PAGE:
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Churches in the Middle East: “Many Christians continue to serve among the refugees”

Author: Jonatan Soriano

Publication Date: 15/10/2021

Source: Evangelical Focus

Churches in Jordan and Lebanon have opened their doors to Afghan refugees, despite the crisis in their own countries. In the last decade, the Middle East has become one of the regions hosting the largest number of displaced people in the world. Most of them are from the neighbouring area, as a result of the war that has been ravaging Syria since 2011, but there are also many arriving from further afield, such as Afghanistan.

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Christian prisoners of conscience ask: ‘Where can I worship after I’m released?’

Publication Date: 27/10/2021

Source: Article 18

Three Iranian Christians serving long prison sentences for their membership of a house-church have written a joint letter and recorded video statements, asking where they should worship once they are released.

As the three Christians, Babak Hosseinzadeh, Behnam Akhlaghi, and Saheb Fadaie, point out, the churches of Iran’s recognised Christians of Armenian and Assyrian descent are not permitted to welcome Persian-speaking Christians like them, so their only option is to worship in their homes in what have become known as “house-churches”.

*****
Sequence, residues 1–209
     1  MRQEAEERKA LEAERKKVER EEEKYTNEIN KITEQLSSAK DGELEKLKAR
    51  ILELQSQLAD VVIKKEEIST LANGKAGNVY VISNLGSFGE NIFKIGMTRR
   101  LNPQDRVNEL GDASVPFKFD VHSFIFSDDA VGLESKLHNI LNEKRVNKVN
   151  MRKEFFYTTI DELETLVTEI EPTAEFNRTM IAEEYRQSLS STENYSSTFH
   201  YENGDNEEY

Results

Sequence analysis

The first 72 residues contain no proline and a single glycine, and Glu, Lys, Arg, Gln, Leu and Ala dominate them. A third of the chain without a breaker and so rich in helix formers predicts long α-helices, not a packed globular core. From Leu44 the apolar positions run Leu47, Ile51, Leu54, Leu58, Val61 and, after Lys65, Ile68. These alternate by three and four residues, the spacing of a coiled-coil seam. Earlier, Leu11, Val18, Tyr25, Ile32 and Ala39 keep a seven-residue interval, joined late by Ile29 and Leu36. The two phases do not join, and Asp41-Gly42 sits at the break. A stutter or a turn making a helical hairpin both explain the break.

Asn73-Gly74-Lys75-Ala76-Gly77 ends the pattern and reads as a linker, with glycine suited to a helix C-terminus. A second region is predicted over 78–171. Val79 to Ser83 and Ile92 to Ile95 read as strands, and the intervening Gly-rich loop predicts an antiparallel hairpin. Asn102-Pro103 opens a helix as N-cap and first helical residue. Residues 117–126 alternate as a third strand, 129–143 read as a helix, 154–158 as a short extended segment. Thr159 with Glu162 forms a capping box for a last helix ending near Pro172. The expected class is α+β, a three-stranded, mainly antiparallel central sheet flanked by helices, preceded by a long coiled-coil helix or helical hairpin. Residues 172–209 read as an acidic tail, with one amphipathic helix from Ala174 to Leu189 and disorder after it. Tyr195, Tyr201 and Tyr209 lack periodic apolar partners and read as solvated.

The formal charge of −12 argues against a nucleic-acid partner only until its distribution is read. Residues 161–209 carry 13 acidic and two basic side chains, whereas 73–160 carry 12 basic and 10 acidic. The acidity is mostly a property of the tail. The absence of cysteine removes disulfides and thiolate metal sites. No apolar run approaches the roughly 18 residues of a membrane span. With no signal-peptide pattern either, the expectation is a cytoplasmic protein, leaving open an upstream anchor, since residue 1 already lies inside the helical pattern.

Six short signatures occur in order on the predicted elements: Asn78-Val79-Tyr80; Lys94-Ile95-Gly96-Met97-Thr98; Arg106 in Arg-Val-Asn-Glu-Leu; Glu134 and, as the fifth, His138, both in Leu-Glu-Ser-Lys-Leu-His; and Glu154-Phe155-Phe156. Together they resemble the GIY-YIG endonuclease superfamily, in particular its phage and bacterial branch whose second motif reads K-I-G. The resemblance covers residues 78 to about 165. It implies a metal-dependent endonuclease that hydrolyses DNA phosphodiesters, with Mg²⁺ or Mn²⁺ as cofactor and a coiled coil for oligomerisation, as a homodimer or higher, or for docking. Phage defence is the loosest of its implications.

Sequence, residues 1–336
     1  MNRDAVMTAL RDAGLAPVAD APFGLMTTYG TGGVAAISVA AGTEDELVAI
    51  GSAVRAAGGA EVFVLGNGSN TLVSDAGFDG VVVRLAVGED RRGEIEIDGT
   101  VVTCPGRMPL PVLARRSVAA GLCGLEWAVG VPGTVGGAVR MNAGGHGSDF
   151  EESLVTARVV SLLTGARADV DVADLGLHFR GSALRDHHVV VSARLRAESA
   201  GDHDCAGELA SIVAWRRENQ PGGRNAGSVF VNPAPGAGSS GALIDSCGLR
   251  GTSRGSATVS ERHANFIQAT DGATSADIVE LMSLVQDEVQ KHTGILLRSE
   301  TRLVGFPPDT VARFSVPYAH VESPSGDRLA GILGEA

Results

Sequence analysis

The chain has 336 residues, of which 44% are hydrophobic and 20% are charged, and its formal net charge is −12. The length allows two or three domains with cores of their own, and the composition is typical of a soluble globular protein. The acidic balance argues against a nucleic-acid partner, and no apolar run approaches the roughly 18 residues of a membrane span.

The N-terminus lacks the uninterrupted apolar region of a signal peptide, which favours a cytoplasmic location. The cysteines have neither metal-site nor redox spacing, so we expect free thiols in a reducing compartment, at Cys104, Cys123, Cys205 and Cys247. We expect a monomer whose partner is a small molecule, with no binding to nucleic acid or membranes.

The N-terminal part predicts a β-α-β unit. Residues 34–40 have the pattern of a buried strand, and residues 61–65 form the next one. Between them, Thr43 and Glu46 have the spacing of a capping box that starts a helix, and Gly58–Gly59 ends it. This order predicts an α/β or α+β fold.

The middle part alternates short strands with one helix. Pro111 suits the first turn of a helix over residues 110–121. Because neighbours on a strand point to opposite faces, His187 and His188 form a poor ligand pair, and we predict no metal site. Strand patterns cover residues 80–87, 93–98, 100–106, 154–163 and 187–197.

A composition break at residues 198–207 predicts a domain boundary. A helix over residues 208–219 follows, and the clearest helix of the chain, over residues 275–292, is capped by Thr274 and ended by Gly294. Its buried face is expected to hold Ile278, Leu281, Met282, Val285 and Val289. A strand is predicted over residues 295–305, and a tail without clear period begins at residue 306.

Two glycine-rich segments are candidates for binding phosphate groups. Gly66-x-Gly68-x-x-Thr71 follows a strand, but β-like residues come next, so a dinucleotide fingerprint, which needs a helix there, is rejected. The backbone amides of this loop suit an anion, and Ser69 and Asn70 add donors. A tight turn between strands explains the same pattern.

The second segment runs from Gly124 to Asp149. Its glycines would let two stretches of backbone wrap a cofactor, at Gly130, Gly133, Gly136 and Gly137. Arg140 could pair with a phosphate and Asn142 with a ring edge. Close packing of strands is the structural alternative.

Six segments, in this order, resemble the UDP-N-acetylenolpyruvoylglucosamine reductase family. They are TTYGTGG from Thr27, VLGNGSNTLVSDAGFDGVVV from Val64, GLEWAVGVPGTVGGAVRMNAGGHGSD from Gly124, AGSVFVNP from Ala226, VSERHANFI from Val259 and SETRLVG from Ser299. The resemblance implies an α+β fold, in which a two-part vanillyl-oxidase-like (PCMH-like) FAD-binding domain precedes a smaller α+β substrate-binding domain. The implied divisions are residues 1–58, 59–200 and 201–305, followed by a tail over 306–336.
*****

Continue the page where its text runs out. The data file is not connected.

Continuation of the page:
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Vatican cardinal visits Syria in 10th year of civil war

Author: Hannah Brockhaus

Publication Date: 25/10/2021

Source: Catholic News Agency

A Vatican cardinal is visiting Syria during the 10th year of the civil war that has devastated the country and led many Christians to flee.

Cardinal Leonardo Sandri, prefect of the Congregation for the Eastern Churches, will travel to Syria from Oct. 25 to Nov. 3, after the trip was postponed from April 2020.

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Lebanon’s Christians Resist Exodus from Worst Economic Collapse in 150 Years

Author: Jayson Casper

Publication Date: 29/10/2021

Source: Christianity Today

Their middle-class salaries now worth peanuts, evangelicals struggle to maintain a faithful presence amid debate over serving God elsewhere.

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Lebanon's Christian leader Geagea in crosshairs with Hezbollah

Author: Idris Okuyucu

Publication Date: 28/10/2021

Source: Anadolu Agency

Samir Geagea believes that Lebanon will not have bright future unless Hezbollah is disarmed

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Archbishop Hanna warns of declining number of Christians in Middle East

Publication Date: 14/10/2021

Source: Middle East Monitor

The Head of the Sebastia Diocese of the Greek Orthodox Church, Archbishop Atallah Hanna, yesterday warned that the number of Christians emigrating from the Middle East has reached unprecedented levels, calling to preserve this important component in the region.

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Song on Algerian radio show brings Christian minority's plight to the fore

Publication Date: 31/10/2021

Source: Global Voices

Christians in Algeria are caught in a new crisis, which many feel is reflective of the intolerance with which the Algerian state deals with Christians and their beliefs.